The Consent Decrees were Originally Enacted to Address Significant Anticompetitive Practices
The Consent Decrees were originally enacted to address major antitrust issues in music licensing of the public performance rights in musical works. Despite the obvious benefits of increased licensing efficiency, PROs were found to have engaged in “significant anticompetitive practices” that went above and beyond what was “reasonably necessary” to achieve their business goals. By 1935, the United States government was investigating ASCAP for violations of the Sherman Antitrust Act, later resulting in the first Consent Decree between ASCAP and the U.S. government in 1941. ASCAP’s actions were already having a deleterious effect on the emerging broadcast radio market and, absent intervention, would have resulted in a stifled and stunted music industry.
The Consent Decrees were enacted to curb those behaviors while simultaneously preserving the efficiencies of collective licenses and promoting the public interest by curtailing unnecessarily restrictive and anticompetitive practices. Under the PRO member agreements, songwriters are accorded a 50/50 percentage split and direct payments of royalties. This has greatly benefited songwriters and provided them a vital revenue stream that is not subject to recapture by music publishers. Additionally, the Consent Decrees enabled smaller broadcasters and later, webcasters, to enjoy a transparent and predictable licensing environment, thereby expanding and strengthening the music ecosystem and helping to create a music market that has been the envy of the world.
The Consent Decrees Continue to Serve Vital Competitive and Protective Purposes and Must be Preserved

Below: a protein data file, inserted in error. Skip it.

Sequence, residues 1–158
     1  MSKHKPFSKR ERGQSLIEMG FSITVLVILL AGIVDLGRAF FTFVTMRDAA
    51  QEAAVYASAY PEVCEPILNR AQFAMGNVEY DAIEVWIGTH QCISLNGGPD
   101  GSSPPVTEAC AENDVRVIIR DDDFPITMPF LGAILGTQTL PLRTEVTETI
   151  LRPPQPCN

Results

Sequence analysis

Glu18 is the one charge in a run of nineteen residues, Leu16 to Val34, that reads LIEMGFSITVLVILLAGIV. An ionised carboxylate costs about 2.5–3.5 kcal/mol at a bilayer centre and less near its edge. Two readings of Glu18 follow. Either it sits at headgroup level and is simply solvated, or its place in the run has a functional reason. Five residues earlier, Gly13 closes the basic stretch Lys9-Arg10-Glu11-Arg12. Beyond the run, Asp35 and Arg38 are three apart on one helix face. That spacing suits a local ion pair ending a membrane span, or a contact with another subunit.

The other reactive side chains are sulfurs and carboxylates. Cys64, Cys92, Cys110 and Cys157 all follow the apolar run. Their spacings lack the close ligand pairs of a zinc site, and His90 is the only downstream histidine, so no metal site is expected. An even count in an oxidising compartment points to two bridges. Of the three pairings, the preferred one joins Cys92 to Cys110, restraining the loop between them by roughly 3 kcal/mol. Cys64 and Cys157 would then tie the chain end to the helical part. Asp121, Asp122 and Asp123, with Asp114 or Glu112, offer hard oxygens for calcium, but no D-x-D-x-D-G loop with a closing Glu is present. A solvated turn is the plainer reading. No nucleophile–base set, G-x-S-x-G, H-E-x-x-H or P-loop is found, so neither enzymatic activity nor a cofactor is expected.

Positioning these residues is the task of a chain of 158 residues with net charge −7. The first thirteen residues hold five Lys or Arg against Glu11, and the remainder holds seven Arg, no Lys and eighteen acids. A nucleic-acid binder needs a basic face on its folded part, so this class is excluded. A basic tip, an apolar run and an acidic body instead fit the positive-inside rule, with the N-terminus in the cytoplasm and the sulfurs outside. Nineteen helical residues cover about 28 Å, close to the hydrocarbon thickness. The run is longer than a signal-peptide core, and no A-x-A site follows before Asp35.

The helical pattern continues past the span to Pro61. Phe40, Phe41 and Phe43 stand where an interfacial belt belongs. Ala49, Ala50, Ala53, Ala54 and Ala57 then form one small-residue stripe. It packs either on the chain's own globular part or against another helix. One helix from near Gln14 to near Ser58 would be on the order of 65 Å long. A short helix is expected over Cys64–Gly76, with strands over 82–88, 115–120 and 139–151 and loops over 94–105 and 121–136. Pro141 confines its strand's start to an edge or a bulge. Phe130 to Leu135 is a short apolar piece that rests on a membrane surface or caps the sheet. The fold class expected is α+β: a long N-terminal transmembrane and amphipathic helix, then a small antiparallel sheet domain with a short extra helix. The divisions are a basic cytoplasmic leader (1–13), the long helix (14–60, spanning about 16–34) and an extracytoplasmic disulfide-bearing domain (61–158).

Not only did the Consent Decrees historically serve vital competitive purposes, they continue to be very relevant today, perhaps even more so as the music industry has become highly consolidated to just a handful of major corporations on both the music publishing and label side. Future of Music Coalition unambiguously supports rate increases for songwriter compensation, and has entertained the arguments of various parties to this proceeding. The National Music Publishers Association (NMPA) suggests that movement away from the Consent Decrees and toward a “free” and/or fair market would result in more competition and higher royalty payments for songwriters and publishers. ASCAP has stated that the Consent Decrees “must be updated, if not eliminated … [as they] exploit certain provisions to the detriment of the songwriters, composers and music publishers who depend on public performance royalties for their livelihoods.” BMI has stated that the Consent Decrees should be reexamined, particularly with regard to their perpetual nature. PROs and major publishers alike have stated that the industry has shifted and that the original reasons for the Consent Decrees as protections against anticompetitive behavior are no longer present. Furthermore, ASCAP and BMI note that these Consent Decrees are “World War II era” regulations that have no sunset provisions, unfairly hindering publishers, PROs, and ultimately songwriters.